When examining your content, also think about your goals. If the content doesn’t match your goal, then your ad isn’t going anywhere no matter how good the copy is. Behavior on Facebook leans towards interacting with friends and family, sharing interesting links and informative posts. More robust and shareable content such as blog posts, news articles or case studies can get attention on the platform.
On Instagram, the behavior is far more visually oriented. You have to think of creating compelling photos or videos first there before any other type of content. News articles obviously don’t perform the best here unless they’re accompanied by an attention-grabbing image that helps tell the story.
If you have strong visual content to spare for ads, then Instagram will be your better choice. This network will also be good if you have the budget to spare for creating this kind of content. If your content is more varied or includes more written content, then Facebook may be better for your business.
A thread has been running through this guide where being conscious of your goals is tied into almost every aspect of deciding where to run your ads. If you don’t have clear goals in mind for your ads, then you need to stop and think about this before you continue further. Without concrete goals in place, you won’t be able to determine metrics, success of the campaign or even figure out the targeting you want.
Facebook’s Ad Manager makes it easy to choose goals by having you select your objective from the get-go. This manages both Instagram and Facebook ads, though not all of these options are available on Instagram. If you were to advertise on Instagram via the app, you do not have a choice in the objective. Keep this in mind when you’re pinpointing your goals.
Objectives like brand awareness paired with eye-grabbing content would perform well on Instagram. Whereas, an objective like website clicks paired with a favorable news or review article would be better on Facebook.
Another consideration to examine for advertising on Facebook vs Instagram is the industry that you’re in. Industries that favor visuals like food, fashion and hip consumer products are stronger on Instagram for a reason. If you already have an account on both platforms, take a look at your overall social media analytics to see which is already gaining the most organic type of interaction that you’re aiming for. Getting more clicks on Facebook? Take that into account and create an ad similar to that type of content.
The industry you’re in also affects how much you’ll be paying for the ads. More expensive products will need to have ads run multiple times for consumer awareness to help promote consideration of the purchase and move customers down the marketing funnel. If the industry doesn’t have a strong presence on the network, then you might have less competition in advertising and therefore, a lower cost. This being said, you need to have both a small industry presence and a high target demographic to aim the ad towards. If this doesn’t exist, then your ad won’t perform because the audience is too small for it to get any traction.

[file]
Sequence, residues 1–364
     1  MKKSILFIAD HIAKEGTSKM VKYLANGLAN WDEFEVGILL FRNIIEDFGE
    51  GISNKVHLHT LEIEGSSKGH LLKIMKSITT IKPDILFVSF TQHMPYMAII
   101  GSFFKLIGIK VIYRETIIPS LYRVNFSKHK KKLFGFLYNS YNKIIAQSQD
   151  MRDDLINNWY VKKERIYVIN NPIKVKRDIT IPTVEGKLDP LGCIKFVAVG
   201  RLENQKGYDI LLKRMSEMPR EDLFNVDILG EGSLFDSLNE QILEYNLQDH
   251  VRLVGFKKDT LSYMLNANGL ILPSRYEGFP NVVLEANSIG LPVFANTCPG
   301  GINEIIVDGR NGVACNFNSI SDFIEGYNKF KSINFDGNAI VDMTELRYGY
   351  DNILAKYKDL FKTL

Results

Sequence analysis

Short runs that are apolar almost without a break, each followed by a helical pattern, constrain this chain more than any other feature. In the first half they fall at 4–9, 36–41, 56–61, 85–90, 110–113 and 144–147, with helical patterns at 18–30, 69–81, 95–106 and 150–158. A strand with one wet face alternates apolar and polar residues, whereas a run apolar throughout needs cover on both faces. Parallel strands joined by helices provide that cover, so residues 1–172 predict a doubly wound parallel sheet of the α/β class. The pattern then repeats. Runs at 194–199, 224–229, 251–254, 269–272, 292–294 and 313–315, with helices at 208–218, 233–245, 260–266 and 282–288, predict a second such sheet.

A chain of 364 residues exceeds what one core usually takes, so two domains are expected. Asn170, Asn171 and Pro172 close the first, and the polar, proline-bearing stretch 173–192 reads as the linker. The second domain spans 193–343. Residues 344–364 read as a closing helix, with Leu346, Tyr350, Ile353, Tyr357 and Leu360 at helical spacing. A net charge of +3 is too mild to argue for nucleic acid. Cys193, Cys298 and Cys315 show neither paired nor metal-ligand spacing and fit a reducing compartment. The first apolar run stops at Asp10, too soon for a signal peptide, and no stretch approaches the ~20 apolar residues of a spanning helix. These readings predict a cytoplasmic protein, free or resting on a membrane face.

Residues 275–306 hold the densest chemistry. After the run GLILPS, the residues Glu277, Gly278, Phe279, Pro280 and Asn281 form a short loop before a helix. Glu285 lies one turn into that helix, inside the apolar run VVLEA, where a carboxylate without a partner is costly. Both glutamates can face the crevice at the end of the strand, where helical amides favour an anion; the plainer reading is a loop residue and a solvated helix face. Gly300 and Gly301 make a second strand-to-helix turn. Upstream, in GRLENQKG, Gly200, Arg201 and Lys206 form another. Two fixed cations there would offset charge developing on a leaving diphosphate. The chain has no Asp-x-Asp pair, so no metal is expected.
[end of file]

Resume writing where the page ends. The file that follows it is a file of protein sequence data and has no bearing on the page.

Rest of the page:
Conclusion: Experimentation & analysis
Don’t be afraid to test out waters with various content types and objectives while serving the same audience. An A/B test is available in Facebook Ads Manager for this very purpose. Once you have some solid performing ads in place, experimentation is a natural path to take.
The advantage of both platforms is the ability to tweak ads as they are running. Is a campaign going overboard on the budget? Tone it down or end it early. Is one type of content performing better than another for an audience? End the poorly performing ad.
Social media advertising success is a mix of planning, analysis and a little luck. The strategy you used a year ago might not work today and the same goes for the future. In addition, the networks are constantly adjusting their algorithms and advertising features. It wouldn’t be surprising to see Instagram’s targeting expand to be more like Facebook’s or to have new Instagram-specific options added.
If you don’t want to go into Ads Manager or Instagram’s app to examine your results, use Sprout’s Facebook & Instagram Paid Performance report. It easily illustrates how well your ads are performing and can generate a presentation-ready report for you in seconds. Plus, you can see these reports alongside analysis of the rest of your social presence without swapping between individual network sites.
For a more detailed look at advertising on both platforms, we recommend learning what’s needed for a successful Instagram ad campaign and making sure your Facebook advertising strategy is clearly in place.
And if reading this guide made you realize you need to reexamine your social strategy before you embark on paid ads, download our free social media toolkit to help you get started in a new direction.